If Policing Were A Product, We’d Take It Out Of The Marketplace

I recently wrote on Matt Apuzzo’s article, Police Rethink Long Tradition on Using Force. Another statement, made by Executive Director Chuck Wexler of the Police Executive Research Forum, is good to springboard off of:

“People aren’t buying our brand. If it was a product, we’d take it out of the marketplace and re-engineer it,” Mr. Wexler said. “We’ve lost the confidence of the American people.”

I can’t help but wonder, are police officers unaware that they would not exist in a free market? Many cops, regardless of where in the world you find them, are socially and politically conservative within the political paradigm of the state they live in. In the United States, this means that most of these young cowboys would assert that they believe in the free market, and small government.

Wexler seems to understand. If policing were a product, people would not buy it. Let’s rephrase that another way: cops, we don’t actually want you here.

A common response, by cops and police thralls entranced by fear, tends to follow the format of well, you’d want us if we didn’t exist. Alternately, we’ll just leave you to some scary black people, and then see how you feel. But these are strong assertions with no evidence. And the brutality of modern policing is quite a high price to pay for such hypotheticals.

Indeed, the fact that people would not fund police officers tells us more about reality as it is. We don’t need to address what people might or might not want, absent cops. All we need to know is this fact: in a market people would not pay for the kind of service they currently receive. This is all we need to know, because it is the market ideology itself that conservative enforcers claim to adhere to.

And many who claim to support free markets, in the end, don’t. Policing is one example. Alternately, ask a militarist about closing the Pentagon, the most expensive welfare program in the United States. Few will assent.

Now, and I hope this isn’t too controversial of a statement, markets are one way to perceive demand. (Where that demand comes from – if it is rational or completely manufactured – is a different question.) I think I would feel bad if my job consisted of performing a service that no one really wanted. Especially if I knew that my job only exists because people are forced to pay for it (taxes).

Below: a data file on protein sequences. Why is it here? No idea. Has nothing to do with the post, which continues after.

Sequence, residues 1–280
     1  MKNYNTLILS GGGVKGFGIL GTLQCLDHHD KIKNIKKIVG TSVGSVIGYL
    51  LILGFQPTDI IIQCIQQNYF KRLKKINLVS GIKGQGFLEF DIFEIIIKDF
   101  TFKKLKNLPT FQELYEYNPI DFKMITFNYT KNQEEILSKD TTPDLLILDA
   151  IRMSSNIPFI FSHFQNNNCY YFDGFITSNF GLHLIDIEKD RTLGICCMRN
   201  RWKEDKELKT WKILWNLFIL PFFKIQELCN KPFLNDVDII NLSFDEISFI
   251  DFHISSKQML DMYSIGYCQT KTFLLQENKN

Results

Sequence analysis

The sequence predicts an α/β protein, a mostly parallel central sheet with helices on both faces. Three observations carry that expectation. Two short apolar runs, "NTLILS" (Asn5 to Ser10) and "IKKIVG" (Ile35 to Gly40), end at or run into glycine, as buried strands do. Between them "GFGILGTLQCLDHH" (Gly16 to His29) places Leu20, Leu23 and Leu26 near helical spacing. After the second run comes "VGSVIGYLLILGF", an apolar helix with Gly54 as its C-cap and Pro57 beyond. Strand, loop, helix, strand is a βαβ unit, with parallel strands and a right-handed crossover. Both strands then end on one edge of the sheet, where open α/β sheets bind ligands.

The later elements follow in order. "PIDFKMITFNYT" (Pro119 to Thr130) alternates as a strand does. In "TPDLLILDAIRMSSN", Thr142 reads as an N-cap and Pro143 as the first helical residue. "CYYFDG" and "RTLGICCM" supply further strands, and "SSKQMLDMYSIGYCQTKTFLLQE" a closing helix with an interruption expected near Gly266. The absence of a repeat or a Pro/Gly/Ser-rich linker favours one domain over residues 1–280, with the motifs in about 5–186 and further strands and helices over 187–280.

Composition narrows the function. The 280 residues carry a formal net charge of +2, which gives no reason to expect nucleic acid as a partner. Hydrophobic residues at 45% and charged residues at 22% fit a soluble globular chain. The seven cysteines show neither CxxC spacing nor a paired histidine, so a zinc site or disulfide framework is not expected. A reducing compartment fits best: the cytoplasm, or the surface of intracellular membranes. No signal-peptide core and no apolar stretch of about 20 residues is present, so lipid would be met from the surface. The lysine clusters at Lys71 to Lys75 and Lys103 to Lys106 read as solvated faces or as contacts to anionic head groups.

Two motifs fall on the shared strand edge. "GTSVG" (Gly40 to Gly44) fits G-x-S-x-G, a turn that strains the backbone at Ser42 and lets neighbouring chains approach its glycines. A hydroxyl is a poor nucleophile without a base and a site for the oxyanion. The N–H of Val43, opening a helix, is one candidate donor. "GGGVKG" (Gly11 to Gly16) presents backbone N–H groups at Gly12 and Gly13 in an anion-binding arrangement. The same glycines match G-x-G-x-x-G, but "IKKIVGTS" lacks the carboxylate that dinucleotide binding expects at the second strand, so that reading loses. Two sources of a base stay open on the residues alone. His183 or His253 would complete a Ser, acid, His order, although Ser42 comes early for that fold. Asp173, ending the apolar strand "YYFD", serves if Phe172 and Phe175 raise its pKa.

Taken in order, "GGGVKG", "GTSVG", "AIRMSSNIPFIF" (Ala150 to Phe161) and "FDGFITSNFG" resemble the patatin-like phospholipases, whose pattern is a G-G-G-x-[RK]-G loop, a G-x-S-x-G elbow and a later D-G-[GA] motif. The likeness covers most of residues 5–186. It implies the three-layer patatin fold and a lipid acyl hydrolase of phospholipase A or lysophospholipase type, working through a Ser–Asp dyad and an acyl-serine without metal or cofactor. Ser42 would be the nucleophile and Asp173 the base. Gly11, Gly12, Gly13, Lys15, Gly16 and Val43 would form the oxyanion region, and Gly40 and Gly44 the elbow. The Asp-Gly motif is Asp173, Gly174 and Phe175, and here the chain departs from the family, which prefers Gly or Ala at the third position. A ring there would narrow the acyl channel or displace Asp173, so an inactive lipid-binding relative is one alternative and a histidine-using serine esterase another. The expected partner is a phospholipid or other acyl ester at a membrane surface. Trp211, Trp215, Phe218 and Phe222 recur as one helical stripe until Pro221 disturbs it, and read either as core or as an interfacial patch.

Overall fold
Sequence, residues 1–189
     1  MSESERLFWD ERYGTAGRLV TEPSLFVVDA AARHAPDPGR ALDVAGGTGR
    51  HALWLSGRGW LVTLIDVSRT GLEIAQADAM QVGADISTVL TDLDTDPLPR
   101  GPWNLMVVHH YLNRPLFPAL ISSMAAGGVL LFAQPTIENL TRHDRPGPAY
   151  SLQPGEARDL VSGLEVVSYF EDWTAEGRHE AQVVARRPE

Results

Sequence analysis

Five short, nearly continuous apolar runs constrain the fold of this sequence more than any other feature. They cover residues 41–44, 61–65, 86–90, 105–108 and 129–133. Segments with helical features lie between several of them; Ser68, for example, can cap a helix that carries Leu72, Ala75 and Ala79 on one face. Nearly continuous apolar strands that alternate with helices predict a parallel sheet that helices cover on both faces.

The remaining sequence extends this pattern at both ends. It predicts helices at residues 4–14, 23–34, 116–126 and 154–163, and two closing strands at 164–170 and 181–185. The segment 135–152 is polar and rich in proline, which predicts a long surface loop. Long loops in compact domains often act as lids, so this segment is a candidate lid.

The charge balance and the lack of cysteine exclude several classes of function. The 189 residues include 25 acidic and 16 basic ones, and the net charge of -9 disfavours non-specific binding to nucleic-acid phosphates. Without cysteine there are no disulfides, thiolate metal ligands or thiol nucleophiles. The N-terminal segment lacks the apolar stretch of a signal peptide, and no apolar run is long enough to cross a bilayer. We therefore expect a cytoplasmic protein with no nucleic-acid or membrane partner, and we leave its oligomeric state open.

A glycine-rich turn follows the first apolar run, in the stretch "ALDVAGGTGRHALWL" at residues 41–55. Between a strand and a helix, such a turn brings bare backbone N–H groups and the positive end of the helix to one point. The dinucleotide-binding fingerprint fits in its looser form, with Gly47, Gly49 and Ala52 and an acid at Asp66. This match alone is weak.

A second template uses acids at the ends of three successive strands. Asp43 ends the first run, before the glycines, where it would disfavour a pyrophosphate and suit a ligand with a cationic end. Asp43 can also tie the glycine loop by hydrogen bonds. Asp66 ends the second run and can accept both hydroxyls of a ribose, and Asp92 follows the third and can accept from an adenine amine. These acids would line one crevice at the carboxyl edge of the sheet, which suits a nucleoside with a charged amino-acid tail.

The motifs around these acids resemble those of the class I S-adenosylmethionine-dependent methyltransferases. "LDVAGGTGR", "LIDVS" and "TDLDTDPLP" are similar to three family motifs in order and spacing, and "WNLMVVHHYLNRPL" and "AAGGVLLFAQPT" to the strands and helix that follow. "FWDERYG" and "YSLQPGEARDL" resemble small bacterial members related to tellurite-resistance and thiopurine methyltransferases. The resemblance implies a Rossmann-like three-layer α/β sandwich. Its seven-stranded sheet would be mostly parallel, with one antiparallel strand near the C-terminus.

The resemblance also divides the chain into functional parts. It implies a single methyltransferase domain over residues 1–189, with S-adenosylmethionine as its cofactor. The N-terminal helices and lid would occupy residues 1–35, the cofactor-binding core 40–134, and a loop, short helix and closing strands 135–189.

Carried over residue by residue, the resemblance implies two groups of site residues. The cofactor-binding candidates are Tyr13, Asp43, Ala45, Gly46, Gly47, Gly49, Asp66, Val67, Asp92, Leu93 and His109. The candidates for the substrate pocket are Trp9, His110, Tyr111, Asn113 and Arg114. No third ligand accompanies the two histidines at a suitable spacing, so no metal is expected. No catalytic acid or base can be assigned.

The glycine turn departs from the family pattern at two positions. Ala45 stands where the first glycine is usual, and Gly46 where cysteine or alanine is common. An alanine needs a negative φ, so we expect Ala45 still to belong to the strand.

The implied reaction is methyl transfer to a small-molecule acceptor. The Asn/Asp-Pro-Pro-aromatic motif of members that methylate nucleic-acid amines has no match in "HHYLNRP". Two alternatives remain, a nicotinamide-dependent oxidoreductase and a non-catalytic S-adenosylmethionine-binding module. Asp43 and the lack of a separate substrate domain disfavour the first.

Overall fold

Even if entire institutions were designed to insulate me from popular opinion, that fact would tickle the back of my mind. No amount of support could overshadow it. Even if every person I interacted with seemed to love and revere me, I’d have to face the fact that for every one of them there are thousands who don’t. Or, at the very least, thousands who would not pay me to do what I do. Moreover, that without forcing them to pay me my job would not exist.

Perhaps I could rationalize it. Well, the people are big dummies and they don’t know how much they need me. But then I’d have a hard time reconciling my unilateral crusade against crime with the image of democracy. And the democratic facade is a core element of police propaganda. Anti-democratic; I’m protecting people against their will, rendering services they would not voluntarily buy, and using their money to pay for it.

In the end I might not care. I might even realize all of this and feel bad, but it wouldn’t outweigh the benefits. After all, government employment – especially policing – offers benefits and security the market doesn’t provide. I’d be virtually immune to legal abuse myself. The most powerful unions would protect me. A comfortable retirement would be guaranteed.

To reject that package, I’d have to be a supremely moral individual. And I suppose that is why police officers don’t reject it.


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